Thousands of veterans, many in vintage uniform, marched up Fifth Avenue on Saturday in The Nation’s Parade, marking the 50th anniversary of the end of World War II.
For World War II veteran Malcolm Smith, 73, of Tranquility, N.J., it was “the culmination of everything I stand for as an American.”
Other Veterans Day observances across the nation ranged from the solemnity of a presidential wreath-laying at Arlington, Va., to a parade in Boston and the rush of biplanes over San Francisco, where the Palace of the Legion of Honor reopened after a three-year renovation.
In New York, at least 33,000 veterans and troops took part in the parade on an overcast but mild day. Some shed tears, others tossed red, white and blue-wrapped candies into the crowd as flags flapped from skyscrapers and luxury hotels along the route.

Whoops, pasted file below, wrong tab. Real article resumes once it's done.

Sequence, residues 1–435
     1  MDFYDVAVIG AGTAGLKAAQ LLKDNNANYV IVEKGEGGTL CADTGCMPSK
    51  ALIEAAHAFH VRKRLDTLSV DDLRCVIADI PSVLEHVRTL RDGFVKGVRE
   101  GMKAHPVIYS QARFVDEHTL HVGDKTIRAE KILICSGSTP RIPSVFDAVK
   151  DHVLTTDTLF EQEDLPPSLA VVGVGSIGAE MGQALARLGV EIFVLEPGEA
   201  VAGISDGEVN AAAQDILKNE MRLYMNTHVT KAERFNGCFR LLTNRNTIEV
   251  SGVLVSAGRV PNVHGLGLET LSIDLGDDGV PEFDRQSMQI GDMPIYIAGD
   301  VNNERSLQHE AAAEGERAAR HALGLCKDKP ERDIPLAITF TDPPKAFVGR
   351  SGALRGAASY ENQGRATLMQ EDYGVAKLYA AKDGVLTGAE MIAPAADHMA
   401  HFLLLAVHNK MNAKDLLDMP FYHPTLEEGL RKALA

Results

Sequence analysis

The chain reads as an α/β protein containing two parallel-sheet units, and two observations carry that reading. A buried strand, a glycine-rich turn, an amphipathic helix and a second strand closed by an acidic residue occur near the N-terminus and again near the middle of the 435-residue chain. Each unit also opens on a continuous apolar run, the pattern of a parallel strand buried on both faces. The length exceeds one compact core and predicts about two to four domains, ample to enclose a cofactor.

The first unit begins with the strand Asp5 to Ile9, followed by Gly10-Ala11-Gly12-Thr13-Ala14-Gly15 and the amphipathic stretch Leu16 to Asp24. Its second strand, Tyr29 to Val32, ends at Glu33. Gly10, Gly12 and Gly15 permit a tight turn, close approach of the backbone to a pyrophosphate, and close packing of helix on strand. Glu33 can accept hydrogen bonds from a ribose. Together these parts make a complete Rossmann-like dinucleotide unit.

F-16 jet fighters roared overhead and a line of military vehicles ranging from a World War II-era Sherman tank to Army Jeeps went up the route.
Marchers included crewmembers from the USS Kearsarge, who are credited with rescuing Air Force Capt. Scott O’Grady after he was shot down behind enemy lines in Bosnia.
The World War II veterans groups included U.S. Army Rangers and survivors of the Bataan Death March.
“I really feel and appreciate the crowd enthusiasm for our unit. It made you feel a little more important,” said Dante Mercurio of Marlboro, N.J., an Army veteran and Pearl Harbor survivor.
The parade got under way a very unmilitary 10 minutes late. A group of dignitaries marched near the head, including Mayor Rudolph Giuliani, Gov. George Pataki and developer Donald Trump, the grand marshal who donated $200,000 toward the march.
Trump said he was pleased by the turnout. “I want them to see people care about the veterans,” he said.